“Of all the wildlife that landowners in Paradise Valley deal with, it is often elk that cause the most conflict,” Tilt writes. “In conversations with ranchers from Paradise Valley and elsewhere across the state, elk are commonly named as the species that ‘keeps ranchers awake at night.’  Even in the face of living with grizzly bears, wolves and other species of state and federal concern, landowners often identify elk as the biggest headache due to the lack of flexible and cooperative tools with which to manage them.”
"Even in the face of living with grizzly bears, wolves and other species of state and federal concern, landowners often identify elk as the biggest headache due to the lack of flexible and cooperative tools with which to manage them.” —Report author Whitney Tilt
In the Northern Rockies overall, thanks to advocacy groups like the Rocky Mountain Elk Foundation, the Montana Land Reliance, Nature Conservancy and local land trusts that has focused on securing wildlife habitat, there are more elk on the landscape today than in the last 140 years. 

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The paradox is that despite species abundance today, persistence is not guaranteed. Others who are tracking trends in the West, corroborate the findings of the PERC report. 

For 30 years, Dennis Glick’s forte has been working with rural communities in Greater Yellowstone. As a longtime resident of Livingston, the incremental changes he has witnessed in Paradise Valley have been speeding up. He cautions that it’s easy to draw permanent conclusions based upon a superficial understanding of what’s actually happening. It’s the invisible grid that already exists, that hasn’t yet manifested, that has his attention—and his concern.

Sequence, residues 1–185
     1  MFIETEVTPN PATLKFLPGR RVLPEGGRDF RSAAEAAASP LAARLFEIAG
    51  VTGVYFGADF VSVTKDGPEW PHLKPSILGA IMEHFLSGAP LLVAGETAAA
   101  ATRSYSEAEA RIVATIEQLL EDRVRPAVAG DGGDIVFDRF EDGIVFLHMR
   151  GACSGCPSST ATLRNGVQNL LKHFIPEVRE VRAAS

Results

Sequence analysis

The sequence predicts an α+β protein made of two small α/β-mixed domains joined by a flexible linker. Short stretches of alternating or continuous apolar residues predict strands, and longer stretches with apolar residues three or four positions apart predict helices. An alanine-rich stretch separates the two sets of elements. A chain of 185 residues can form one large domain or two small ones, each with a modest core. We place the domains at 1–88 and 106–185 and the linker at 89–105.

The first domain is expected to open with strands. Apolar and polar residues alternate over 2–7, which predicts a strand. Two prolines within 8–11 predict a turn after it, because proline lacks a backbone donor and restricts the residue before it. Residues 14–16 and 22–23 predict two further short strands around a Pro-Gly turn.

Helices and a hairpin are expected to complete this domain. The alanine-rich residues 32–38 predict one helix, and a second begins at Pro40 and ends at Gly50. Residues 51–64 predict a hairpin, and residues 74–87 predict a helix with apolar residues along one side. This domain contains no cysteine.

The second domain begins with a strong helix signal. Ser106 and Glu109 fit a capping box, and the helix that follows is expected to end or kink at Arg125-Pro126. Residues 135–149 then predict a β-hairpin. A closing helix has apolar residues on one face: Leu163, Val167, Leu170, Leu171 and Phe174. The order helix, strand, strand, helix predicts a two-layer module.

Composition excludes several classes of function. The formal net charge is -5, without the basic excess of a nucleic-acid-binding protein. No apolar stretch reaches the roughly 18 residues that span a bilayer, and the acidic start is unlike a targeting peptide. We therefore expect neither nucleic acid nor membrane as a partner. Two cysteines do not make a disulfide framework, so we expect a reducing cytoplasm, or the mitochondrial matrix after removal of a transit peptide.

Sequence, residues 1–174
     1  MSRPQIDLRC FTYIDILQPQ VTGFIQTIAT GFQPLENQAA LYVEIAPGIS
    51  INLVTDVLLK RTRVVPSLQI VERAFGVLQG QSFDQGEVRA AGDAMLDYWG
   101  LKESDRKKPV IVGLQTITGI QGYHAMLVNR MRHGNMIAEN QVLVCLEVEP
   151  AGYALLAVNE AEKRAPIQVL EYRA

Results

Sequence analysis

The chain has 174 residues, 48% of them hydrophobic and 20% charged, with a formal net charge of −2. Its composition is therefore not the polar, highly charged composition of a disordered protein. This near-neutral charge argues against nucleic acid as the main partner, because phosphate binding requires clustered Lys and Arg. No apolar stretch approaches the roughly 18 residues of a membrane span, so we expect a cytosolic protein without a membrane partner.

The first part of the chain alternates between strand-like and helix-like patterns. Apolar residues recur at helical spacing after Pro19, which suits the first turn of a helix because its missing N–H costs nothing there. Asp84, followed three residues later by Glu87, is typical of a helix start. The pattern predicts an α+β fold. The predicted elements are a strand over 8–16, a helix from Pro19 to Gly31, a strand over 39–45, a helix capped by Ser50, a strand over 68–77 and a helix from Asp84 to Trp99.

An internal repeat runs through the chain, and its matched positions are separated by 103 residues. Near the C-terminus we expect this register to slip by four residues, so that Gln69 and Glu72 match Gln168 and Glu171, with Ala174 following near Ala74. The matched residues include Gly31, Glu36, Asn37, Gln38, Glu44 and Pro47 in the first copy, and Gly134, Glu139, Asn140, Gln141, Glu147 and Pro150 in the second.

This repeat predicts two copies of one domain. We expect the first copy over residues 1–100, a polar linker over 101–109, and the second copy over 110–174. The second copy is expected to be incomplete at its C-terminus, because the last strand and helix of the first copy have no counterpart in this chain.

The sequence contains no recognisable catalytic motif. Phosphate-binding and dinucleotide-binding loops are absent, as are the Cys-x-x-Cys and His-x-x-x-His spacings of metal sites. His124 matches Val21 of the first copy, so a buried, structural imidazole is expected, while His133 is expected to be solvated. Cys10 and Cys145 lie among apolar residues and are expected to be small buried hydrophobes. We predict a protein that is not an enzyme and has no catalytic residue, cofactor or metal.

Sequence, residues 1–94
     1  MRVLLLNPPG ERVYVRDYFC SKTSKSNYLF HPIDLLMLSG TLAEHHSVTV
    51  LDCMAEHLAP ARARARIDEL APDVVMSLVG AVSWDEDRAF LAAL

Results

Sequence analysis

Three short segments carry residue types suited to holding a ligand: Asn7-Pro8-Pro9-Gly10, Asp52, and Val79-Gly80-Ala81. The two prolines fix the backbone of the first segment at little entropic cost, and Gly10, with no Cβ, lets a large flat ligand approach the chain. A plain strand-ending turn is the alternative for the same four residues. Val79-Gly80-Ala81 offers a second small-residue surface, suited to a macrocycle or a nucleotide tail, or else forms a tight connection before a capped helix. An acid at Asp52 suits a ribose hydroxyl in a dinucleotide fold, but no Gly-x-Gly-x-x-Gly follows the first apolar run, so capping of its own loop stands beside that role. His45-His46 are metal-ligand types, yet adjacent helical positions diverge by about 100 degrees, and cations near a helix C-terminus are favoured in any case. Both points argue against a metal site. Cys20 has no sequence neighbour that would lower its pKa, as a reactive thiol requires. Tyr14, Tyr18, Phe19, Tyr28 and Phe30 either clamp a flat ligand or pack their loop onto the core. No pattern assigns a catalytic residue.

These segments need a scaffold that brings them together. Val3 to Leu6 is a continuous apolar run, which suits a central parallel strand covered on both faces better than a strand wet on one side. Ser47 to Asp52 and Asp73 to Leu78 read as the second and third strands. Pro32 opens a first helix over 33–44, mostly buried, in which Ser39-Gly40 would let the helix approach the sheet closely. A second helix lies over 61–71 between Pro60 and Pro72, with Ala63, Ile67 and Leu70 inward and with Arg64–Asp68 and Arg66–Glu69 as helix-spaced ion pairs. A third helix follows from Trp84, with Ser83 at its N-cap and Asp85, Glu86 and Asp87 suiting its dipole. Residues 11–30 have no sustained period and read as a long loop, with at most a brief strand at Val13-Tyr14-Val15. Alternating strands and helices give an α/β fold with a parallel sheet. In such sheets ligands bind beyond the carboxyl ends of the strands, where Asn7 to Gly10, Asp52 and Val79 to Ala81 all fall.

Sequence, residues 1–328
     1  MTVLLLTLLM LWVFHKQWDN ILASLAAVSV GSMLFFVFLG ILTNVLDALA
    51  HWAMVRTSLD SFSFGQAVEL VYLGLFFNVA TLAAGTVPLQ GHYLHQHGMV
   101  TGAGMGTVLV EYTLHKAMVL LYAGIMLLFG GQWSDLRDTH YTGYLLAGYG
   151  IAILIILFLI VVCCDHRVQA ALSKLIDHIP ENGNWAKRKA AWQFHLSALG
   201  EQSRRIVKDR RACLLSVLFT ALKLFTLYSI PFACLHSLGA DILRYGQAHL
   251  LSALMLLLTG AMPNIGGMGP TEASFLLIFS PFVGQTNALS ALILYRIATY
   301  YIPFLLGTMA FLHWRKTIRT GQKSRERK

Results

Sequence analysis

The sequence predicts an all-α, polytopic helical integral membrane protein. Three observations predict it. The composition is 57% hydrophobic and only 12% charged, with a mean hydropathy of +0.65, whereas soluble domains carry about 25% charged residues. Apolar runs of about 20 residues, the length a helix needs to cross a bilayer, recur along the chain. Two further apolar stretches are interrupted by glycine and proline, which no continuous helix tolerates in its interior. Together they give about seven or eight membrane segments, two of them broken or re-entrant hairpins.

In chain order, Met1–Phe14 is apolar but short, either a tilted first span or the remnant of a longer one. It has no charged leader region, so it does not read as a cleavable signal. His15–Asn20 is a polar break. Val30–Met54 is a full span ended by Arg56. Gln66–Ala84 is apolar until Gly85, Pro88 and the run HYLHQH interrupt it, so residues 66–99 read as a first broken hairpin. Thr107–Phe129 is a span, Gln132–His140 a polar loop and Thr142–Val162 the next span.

“The thing for people to keep in mind is they’re looking at the ghost of a landscape,” Glick says. “They are seeing not what Paradise Valley will be but they are catching a fading glimpse of what it was. If they go down to the Park County Planning Office and look at the plotted subdivisions and lot lines already on the books, they’ll see how open space is poised to be converted into development.  The open space that still is out there is merely a vestige of what used to be the hallmark of Paradise Valley, which is large agricultural working landscapes with a dramatic mountain range on other side.”

Paradise Valley has no zoning. Thousands of lots already have been plotted, each one if developed could come with structures and driveways, noise, septic systems, pets that may chase wildlife, gardens that wildlife eat and will result in wildlife being fenced out—the trappings of suburban Colorado or Bozeman for that matter. “Paradise Valley has some very serious challenges that need to be addressed sooner rather than later—or the horse is going to be so far out of the barn that it’s going to be too late,” he said. “We need constructive, creative people engaged in thoughtful civil dialogue. If we continue our myopic approach, with each person trying to grab their own piece of paradise view and we don’t work together, then in the end we’re all going to lose. And that end, when we lament what we didn’t do, isn’t so very far off.”

Far from being an isolated exception, the imminent transformation of Paradise Valley is “a poster child for all of the problems bearing down on natural landscapes in the New West,” he said, and it’s happening in every valley dealing with growth-related issues and the conversion of agricultural lands to being a dominated by land speculation and real estate deals. What mapping of elk migration corridors and the habitat of other species does is it allows the places most at risk to be prioritized.